Meetings to discuss strike plans
Government officials have met to discuss contingency plans for a possible national rail strike ahead of the result of ballots for action over pay.
The Press Association has learned that a meeting was held last Friday involving Whitehall departments including transport.
Ministers were not involved in the talks, held in the wake of the dramatic result of the general election, but they are being kept informed of developments.
The Rail, Maritime and Transport union will announce tomorrow whether its members at Network Rail have backed a campaign of industrial action in protest at a four-year pay offer.
The Transport Salaried Staffs Association is also balloting its members, with the result due over the next week.
The unions are protesting at a pay offer of £500 this year followed by rises matching RPI inflation over the next three years.
A no compulsory redundancy commitment will be extended to the end of 2016 as part of the proposed deal.
A strike by RMT and TSSA members at NR, including signallers, maintenance workers and admin staff, would cripple train services, it would also give the new Conservative government its first battle on the industrial relations front.
The unions would have to give seven days notice of any industrial action.
RMT general secretary Mick Cash said: " Our members have already decisively rejected the initial pay package offered by Network Rail.
"As far as we are concerned the one-off, non-consolidated, lump-sum payment this year is wholly inadequate and fails to recognise the massive pressures staff are working under to keep services running at a time when the company is generating profits of £1 billion.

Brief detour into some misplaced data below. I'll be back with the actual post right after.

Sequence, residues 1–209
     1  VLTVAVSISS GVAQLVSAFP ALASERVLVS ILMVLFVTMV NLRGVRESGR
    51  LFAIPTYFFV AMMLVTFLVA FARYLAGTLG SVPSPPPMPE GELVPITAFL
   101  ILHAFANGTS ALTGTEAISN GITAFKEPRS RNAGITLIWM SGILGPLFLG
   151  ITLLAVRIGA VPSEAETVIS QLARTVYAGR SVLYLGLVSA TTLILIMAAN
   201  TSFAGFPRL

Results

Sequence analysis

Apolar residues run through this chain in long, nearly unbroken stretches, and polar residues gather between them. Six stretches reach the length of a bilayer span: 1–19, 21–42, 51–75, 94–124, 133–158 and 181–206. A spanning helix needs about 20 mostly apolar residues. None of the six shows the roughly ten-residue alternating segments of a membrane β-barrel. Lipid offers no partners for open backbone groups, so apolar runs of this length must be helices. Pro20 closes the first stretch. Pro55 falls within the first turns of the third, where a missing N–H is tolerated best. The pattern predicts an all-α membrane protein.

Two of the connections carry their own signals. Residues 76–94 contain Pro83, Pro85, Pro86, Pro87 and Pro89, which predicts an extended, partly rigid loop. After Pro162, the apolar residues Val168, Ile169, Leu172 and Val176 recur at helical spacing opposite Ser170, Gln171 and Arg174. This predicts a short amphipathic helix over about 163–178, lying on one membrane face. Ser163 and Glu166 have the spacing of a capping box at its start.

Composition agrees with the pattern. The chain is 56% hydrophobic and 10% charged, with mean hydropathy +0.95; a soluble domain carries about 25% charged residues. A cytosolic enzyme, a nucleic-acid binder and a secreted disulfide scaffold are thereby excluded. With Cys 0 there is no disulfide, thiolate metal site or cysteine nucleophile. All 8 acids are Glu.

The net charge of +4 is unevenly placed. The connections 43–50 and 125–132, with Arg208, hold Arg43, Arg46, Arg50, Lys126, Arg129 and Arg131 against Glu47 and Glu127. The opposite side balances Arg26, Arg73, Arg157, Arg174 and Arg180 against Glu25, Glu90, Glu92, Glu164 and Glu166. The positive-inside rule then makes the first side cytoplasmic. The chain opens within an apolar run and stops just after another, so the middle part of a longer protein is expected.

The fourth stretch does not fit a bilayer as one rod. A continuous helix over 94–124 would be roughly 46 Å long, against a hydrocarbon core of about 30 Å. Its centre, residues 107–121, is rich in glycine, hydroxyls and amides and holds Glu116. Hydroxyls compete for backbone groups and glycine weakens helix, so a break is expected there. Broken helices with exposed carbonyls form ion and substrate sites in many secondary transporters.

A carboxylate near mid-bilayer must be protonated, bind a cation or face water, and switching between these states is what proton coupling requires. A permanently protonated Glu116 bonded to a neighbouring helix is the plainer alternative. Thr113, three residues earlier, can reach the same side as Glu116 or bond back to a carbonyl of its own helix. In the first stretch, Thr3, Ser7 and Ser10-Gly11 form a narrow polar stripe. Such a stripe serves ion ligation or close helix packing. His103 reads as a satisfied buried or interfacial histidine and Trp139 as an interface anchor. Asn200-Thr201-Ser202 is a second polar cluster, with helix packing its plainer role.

"It is our members battling to keep Britain moving around the clock and they deserve a fair share from Network Rail for their incredible efforts.
"In addition, we are extremely concerned that the no compulsory redundancy commitment only applies to the first two years of the four-year deal.
"RMT is in no doubt that this leaves operations and maintenance members extremely vulnerable, especially with the continued development of Rail Operating Centres and the on-going cuts programme at Network Rail.
"Our rail staff deserve a fair reward for the high-pressure, safety-critical work that they undertake day and night and the last thing that we need is a demoralised, burnt-out workforce living in fear for their futures and the message has come back loud and clear that that is exactly how they feel about the current offer from Network Rail.
"RMT remains available for talks and we hope that the company will appreciate the anger amongst staff at the current offer on pay and conditions and that they will agree to our call to come back to the table with an improved package."
A Network Rail spokesman said: "Nobody wants a strike or any other form of industrial action. There is nothing to be gained. The impact on our 4.5 million daily passengers and to thousands of projects aimed at improving the railway would be significant and our staff would be hit in their pockets.
"We have great people doing a challenging job who are dedicated to making the railway better and who take pride in providing a decent service to millions, every day.
"A fair deal is on the table with the offer of a lump sum of £500 for everyone in 2015 and a pay increase for 2016, 2017 and 2018 that will match RPI inflation. In addition, we guarantee job security for the next two years."